Dachshunds, with their sausage-shaped bodies and short legs, were bred to chase badgers in burrows. The temperament and demeanor of the breed has developed from this hunting background, and from the juxtaposition of a huge personality and a small body.
Demeanor toward Friends and Strangers
Sausage dogs are typically very loyal and protective toward their owners. Your dachsie will likely want to know everything you are doing around the home, especially if food is involved. These little hounds are very protective of the humans in their lives, and may bark at strangers coming to the home. The dachshund's bark sounds as if it belongs to a much larger dog, making this breed a good choice as a guard dog—the wiener's gruff bark will alert you to people at the door long before you hear or see them for yourself. Dachshunds are natural barkers, and will typically bark to warn others away from their territory, or to express anxiety.
As a breed, dachshunds are prone to separation anxiety. If you go somewhere and leave your dachsie at home, the dog may become distressed and anxious until you return. In severe cases of separation anxiety, dachshunds may chew or destroy items in the home, or have toileting accidents despite being housebroken. If you have to leave your dachshund home alone for significant periods, consider a companion for your hound. Sausage dogs do well in pairs or small groups. Try to establish a reliable schedule for your dog, so he knows you will always return after an absence.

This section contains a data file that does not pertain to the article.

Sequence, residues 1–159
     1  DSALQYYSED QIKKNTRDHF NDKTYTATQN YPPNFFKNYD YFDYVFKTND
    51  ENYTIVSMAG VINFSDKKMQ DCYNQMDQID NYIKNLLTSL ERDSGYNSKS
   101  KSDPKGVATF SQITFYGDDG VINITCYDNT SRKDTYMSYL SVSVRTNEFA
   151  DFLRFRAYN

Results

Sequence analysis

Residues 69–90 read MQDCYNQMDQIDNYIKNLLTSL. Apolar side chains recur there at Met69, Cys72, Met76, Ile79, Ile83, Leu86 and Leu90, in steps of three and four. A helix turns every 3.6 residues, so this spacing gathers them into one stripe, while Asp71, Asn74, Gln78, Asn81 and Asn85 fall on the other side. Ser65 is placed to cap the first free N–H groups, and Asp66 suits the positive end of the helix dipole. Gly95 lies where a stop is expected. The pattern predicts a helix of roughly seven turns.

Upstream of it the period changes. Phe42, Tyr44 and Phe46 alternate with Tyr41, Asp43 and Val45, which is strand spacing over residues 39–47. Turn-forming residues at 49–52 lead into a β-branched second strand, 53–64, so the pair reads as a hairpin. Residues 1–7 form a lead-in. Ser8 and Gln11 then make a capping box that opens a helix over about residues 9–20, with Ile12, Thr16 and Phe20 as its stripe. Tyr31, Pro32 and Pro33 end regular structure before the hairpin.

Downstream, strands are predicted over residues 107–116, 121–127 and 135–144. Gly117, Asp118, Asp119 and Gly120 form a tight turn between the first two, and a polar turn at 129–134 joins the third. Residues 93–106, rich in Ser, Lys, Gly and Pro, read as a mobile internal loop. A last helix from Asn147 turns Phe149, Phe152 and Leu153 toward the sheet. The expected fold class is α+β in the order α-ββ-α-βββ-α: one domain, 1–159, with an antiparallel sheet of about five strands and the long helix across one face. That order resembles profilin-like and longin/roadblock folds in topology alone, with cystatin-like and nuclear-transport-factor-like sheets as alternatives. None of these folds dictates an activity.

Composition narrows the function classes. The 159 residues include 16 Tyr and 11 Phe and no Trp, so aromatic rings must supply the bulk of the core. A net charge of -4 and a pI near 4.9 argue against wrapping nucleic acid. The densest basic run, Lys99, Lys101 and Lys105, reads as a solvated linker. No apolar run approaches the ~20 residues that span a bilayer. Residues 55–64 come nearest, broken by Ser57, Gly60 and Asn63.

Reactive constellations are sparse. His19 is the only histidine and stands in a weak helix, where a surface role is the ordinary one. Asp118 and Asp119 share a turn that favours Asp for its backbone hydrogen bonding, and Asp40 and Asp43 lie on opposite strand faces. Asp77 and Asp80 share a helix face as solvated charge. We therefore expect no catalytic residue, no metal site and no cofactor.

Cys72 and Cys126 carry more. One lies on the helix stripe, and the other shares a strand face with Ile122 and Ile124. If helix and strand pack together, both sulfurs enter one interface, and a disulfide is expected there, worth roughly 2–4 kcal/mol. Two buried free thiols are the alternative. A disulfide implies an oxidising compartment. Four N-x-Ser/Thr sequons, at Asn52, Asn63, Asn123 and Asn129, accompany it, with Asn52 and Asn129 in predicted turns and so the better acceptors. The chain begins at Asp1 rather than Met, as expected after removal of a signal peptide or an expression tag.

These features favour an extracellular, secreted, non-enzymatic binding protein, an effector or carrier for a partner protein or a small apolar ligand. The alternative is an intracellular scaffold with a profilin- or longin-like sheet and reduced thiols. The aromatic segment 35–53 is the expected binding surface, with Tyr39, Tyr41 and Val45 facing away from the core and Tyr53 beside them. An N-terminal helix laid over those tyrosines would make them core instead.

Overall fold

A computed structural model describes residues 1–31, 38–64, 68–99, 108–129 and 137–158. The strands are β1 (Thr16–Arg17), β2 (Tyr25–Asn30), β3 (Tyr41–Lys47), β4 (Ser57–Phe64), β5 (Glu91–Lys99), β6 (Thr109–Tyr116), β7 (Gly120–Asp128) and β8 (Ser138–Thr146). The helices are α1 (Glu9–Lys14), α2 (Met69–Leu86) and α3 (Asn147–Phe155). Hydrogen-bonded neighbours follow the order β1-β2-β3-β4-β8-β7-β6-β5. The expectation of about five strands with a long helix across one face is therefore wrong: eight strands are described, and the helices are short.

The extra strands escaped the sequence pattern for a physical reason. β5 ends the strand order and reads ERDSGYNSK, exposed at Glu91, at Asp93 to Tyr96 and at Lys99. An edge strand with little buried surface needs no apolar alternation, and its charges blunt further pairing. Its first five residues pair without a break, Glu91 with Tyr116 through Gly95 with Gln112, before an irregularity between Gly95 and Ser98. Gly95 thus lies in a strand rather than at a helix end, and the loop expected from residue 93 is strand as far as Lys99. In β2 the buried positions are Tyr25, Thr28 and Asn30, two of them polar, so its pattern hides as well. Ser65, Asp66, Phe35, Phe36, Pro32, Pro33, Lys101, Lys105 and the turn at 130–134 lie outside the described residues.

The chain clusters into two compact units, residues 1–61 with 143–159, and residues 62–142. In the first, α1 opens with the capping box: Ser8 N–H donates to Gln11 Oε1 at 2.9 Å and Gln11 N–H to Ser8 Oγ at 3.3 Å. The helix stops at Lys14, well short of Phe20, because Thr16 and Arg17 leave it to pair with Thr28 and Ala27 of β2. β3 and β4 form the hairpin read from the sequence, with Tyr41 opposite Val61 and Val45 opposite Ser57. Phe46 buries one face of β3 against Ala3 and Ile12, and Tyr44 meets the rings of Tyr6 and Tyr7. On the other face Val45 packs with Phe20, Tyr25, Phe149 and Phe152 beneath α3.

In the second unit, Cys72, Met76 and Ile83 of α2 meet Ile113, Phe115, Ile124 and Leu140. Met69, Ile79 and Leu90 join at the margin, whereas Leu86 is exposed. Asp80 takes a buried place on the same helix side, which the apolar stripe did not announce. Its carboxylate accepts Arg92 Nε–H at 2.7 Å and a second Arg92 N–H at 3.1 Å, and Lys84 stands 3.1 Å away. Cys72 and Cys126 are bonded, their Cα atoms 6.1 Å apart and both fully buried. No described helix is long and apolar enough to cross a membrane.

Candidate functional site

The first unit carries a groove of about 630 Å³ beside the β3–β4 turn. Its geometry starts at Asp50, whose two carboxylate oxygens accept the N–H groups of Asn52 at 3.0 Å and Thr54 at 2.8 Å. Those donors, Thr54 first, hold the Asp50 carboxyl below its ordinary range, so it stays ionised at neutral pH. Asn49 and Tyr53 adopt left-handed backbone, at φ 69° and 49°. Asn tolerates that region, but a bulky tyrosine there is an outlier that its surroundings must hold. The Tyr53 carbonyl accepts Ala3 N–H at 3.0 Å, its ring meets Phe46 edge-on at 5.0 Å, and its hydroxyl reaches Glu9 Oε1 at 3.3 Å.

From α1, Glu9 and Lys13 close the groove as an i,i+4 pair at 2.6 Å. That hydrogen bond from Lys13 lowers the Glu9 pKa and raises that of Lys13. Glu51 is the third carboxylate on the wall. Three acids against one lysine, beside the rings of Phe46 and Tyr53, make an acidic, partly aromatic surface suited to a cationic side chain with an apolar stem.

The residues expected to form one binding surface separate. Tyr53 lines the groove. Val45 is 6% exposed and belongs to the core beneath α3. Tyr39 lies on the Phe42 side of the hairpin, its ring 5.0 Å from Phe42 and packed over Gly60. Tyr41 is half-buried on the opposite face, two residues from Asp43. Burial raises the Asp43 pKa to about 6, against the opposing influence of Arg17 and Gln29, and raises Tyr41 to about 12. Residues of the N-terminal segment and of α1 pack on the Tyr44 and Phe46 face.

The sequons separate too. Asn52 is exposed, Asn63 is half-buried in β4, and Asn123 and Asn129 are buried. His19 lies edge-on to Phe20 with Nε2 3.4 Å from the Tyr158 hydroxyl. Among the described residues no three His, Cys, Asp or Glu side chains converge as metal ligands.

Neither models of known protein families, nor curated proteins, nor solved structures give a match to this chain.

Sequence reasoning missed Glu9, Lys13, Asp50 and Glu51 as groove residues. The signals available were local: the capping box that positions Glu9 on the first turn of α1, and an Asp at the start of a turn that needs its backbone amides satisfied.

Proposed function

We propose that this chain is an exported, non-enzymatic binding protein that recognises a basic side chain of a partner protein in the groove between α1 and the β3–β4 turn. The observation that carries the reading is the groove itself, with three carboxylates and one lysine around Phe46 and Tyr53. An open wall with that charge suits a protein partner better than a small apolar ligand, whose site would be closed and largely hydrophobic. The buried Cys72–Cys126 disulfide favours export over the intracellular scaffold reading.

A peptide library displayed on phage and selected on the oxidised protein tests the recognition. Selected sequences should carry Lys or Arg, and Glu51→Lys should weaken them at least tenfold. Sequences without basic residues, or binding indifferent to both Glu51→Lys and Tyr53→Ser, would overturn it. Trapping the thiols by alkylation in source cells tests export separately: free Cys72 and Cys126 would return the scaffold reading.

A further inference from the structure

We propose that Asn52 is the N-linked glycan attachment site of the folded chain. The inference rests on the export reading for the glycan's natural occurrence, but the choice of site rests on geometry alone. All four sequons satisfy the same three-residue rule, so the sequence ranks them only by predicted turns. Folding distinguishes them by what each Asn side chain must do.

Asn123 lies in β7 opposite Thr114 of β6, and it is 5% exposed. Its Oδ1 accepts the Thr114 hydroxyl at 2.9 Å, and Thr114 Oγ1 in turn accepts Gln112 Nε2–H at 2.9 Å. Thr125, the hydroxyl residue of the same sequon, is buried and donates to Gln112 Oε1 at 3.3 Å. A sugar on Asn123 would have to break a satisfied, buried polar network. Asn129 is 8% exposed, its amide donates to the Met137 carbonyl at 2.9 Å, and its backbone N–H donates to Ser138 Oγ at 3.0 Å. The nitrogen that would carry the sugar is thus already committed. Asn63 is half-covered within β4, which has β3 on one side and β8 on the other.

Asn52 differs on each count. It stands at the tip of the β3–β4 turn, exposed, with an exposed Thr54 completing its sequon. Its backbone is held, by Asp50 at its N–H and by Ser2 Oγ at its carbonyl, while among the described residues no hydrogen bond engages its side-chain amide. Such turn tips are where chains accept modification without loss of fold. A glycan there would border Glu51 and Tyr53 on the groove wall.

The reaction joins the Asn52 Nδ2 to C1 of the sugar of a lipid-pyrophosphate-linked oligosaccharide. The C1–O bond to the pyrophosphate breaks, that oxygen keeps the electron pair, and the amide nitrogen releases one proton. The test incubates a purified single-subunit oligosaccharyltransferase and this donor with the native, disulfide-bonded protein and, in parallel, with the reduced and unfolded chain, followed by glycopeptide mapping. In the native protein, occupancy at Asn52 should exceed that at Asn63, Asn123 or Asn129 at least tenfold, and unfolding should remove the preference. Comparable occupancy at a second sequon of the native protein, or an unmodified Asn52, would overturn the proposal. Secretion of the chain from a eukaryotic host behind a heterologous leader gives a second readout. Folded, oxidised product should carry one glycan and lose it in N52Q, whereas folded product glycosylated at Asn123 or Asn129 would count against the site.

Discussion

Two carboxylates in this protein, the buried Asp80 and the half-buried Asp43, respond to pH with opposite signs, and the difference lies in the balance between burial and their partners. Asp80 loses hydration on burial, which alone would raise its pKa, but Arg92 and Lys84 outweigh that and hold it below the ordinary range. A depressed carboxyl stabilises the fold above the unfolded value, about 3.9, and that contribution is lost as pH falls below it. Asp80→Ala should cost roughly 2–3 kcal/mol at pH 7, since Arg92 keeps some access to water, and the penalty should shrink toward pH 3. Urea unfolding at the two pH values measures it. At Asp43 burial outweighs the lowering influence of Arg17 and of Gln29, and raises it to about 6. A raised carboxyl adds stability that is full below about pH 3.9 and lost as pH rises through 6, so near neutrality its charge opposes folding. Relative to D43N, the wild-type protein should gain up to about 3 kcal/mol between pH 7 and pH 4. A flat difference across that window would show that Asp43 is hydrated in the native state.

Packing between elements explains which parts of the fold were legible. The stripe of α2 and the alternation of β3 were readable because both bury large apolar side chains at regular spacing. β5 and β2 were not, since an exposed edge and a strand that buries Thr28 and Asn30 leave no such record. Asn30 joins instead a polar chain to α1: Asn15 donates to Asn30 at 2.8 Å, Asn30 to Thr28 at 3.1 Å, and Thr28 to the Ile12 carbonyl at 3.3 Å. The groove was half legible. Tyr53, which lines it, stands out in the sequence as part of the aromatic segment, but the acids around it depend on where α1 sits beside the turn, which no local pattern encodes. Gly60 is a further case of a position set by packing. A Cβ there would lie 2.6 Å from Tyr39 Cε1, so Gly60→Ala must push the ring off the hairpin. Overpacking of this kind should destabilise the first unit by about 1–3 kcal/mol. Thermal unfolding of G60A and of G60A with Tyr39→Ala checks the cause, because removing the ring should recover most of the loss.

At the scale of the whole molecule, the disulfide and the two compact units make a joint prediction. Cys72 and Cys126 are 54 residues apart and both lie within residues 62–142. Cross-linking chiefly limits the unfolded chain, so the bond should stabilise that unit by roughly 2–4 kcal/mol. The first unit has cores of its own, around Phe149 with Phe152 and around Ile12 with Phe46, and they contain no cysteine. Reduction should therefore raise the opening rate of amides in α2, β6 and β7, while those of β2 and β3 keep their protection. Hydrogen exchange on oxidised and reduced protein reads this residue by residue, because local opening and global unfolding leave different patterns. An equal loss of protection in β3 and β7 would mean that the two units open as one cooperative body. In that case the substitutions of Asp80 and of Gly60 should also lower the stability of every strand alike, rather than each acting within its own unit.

The desire to chase after burrow-living prey is bred into dachshunds, and hunting instincts remain strong in most dachsies kept as pets. Squirrels and chipmunks in the backyard had better watch out when a dachshund's about. Cats and other dogs may also be chased by this inquisitive hunting breed. Dachshunds also like to dig. You can dissuade your dog from digging by spraying him with a water pistol every time he starts to dig a hole.
Mood and Training
Dachshunds often experience a pretty full range of emotions—these empathetic dogs often seem to mirror the moods of their owners. Many dachsies feel unsettled by conflict or shouting, and may appear depressed if they are bored or in physical pain. The wiener dog's loyalty to his owner—and eagerness to please, earning praise—means that the breed is very trainable. Dachsies have a tendency to jump up on humans to get closer to the fun and action. Dissuade all jumping behaviors, as these can hurt the dog's fragile, long back. Get down to your dog's level if you want to play together, and don't allow your dachshund to jump from furniture or steps.
- Dachshund Dog Training: Dachsund Barking
- Dachshunds For Dummies; Eve Adamson
Jae Allen has been a writer since 1999, with articles published in "The Hub," "Innocent Words" and "Rhythm." She has worked as a medical writer, paralegal, veterinary assistant, stage manager, session musician, ghostwriter and university professor. Allen specializes in travel, health/fitness, animals and other topics.